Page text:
How do you find the second derivative of # ln(x^2+5)# ?
Use natural logarithm derivative rules
For second derivative use the quotient rule
By signing up, you agree to our Terms of Service and Privacy Policy
To find the second derivative of ( \ln(x^2 + 5) ), follow these steps:

Find the first derivative using the chain rule: [ \frac{d}{dx} \ln(u) = \frac{1}{u} \cdot \frac{du}{dx} ] [ u = x^2 + 5 ] [ \frac{du}{dx} = 2x ] [ \frac{d}{dx} \ln(x^2 + 5) = \frac{1}{x^2 + 5} \cdot 2x ] [ \frac{d}{dx} \ln(x^2 + 5) = \frac{2x}{x^2 + 5} ]

Find the second derivative using the quotient rule: [ \frac{d^2}{dx^2} \ln(u) = \frac{d}{dx} \left( \frac{1}{u} \cdot \frac{du}{dx} \right) ] [ = \frac{d}{dx} \left( \frac{2x}{x^2 + 5} \right) ] [ = \frac{(2)(x^2 + 5)  2x(2x)}{(x^2 + 5)^2} ] [ = \frac{2x^2 + 10  4x^2}{(x^2 + 5)^2} ] [ = \frac{2x^2 + 10}{(x^2 + 5)^2} ] [ = \frac{2(x^2  5)}{(x^2 + 5)^2} ]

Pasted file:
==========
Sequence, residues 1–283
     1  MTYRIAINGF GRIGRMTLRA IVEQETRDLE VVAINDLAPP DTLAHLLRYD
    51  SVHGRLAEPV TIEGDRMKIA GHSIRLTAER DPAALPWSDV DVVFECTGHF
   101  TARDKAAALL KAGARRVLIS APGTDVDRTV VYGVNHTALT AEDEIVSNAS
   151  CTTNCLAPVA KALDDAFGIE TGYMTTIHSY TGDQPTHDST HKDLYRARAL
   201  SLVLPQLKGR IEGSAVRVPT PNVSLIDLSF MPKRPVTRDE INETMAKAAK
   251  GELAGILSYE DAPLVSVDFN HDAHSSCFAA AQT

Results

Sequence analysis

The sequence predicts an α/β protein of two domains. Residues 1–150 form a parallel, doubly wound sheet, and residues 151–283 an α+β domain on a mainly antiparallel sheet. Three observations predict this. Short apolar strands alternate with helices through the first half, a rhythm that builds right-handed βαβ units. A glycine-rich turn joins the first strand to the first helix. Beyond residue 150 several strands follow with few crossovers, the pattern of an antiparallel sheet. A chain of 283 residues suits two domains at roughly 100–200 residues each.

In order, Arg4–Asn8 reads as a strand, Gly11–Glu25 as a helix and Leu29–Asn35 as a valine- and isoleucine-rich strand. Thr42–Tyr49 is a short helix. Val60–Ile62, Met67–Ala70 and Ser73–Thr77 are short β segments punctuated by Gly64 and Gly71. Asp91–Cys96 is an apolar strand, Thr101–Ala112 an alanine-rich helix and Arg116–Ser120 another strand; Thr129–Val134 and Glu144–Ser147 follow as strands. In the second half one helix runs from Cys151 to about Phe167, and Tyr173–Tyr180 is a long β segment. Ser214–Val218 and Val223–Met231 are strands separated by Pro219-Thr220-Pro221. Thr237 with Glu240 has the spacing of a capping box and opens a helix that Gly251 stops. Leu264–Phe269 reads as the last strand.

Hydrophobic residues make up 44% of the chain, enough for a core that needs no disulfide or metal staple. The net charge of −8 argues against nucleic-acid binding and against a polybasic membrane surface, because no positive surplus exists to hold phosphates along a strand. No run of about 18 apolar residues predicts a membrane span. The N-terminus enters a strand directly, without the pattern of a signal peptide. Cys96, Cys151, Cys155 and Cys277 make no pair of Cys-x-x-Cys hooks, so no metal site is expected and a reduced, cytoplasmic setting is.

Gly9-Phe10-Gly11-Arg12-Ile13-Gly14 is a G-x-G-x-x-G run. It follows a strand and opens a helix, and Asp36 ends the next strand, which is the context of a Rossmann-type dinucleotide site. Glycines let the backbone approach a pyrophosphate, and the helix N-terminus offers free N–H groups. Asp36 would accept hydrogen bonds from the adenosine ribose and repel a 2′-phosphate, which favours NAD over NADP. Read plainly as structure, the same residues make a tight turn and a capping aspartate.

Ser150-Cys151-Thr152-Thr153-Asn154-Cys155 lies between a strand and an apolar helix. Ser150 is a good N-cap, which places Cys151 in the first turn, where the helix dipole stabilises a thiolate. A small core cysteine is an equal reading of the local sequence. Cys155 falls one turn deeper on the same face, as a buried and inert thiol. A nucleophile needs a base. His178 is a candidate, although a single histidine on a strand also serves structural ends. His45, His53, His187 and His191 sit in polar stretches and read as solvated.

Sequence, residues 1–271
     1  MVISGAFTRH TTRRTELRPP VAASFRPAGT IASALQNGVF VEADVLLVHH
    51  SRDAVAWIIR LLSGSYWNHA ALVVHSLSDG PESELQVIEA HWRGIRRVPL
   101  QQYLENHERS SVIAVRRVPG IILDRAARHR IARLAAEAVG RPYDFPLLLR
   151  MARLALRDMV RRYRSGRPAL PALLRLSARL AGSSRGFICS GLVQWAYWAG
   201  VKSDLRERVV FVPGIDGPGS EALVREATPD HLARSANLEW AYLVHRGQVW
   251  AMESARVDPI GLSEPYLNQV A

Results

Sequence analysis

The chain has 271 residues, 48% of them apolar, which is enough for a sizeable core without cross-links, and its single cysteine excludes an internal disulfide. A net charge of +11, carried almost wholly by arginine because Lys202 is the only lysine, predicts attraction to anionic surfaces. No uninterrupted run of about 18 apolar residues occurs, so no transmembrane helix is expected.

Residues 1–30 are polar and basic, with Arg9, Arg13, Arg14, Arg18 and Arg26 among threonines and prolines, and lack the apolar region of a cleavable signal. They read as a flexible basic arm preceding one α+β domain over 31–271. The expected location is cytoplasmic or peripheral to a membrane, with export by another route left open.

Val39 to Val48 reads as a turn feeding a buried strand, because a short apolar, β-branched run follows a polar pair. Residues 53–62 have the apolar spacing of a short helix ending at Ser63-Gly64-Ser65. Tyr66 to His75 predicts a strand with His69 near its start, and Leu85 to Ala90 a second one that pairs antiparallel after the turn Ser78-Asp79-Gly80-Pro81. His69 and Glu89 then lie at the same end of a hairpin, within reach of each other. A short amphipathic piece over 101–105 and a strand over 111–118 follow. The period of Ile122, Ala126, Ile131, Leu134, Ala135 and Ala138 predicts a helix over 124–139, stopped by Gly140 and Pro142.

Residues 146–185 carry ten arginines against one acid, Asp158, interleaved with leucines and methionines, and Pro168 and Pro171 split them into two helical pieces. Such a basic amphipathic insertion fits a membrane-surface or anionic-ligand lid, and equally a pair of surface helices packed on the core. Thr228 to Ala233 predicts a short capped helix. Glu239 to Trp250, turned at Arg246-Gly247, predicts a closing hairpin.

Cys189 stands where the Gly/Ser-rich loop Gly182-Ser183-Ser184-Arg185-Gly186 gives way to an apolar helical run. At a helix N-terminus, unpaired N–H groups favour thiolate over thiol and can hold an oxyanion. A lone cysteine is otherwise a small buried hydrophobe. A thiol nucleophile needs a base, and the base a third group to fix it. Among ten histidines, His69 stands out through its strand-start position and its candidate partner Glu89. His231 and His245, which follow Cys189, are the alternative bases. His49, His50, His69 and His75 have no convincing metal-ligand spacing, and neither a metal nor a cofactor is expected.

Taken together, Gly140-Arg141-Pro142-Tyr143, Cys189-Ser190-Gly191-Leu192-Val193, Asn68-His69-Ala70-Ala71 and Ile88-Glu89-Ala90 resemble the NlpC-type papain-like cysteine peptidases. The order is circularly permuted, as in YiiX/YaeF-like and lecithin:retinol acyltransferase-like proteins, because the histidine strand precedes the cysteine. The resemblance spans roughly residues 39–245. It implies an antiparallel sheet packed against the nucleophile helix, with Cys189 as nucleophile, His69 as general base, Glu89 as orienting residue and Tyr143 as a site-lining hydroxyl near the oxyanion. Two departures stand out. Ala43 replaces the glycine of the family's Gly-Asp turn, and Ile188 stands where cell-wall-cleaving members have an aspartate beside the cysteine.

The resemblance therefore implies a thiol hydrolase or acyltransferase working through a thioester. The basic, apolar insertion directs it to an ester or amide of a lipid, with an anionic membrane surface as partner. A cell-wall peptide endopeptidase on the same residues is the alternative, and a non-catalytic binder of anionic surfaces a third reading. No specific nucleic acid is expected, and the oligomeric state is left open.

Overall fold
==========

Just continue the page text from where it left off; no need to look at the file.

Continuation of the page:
Therefore, the second derivative of ( \ln(x^2 + 5) ) is ( \frac{2(x^2  5)}{(x^2 + 5)^2} ).
By signing up, you agree to our Terms of Service and Privacy Policy
When evaluating a onesided limit, you need to be careful when a quantity is approaching zero since its sign is different depending on which way it is approaching zero from. Let us look at some examples.
When evaluating a onesided limit, you need to be careful when a quantity is approaching zero since its sign is different depending on which way it is approaching zero from. Let us look at some examples.
When evaluating a onesided limit, you need to be careful when a quantity is approaching zero since its sign is different depending on which way it is approaching zero from. Let us look at some examples.
When evaluating a onesided limit, you need to be careful when a quantity is approaching zero since its sign is different depending on which way it is approaching zero from. Let us look at some examples.
 98% accuracy study help
 Covers math, physics, chemistry, biology, and more
 Stepbystep, indepth guides
 Readily available 24/7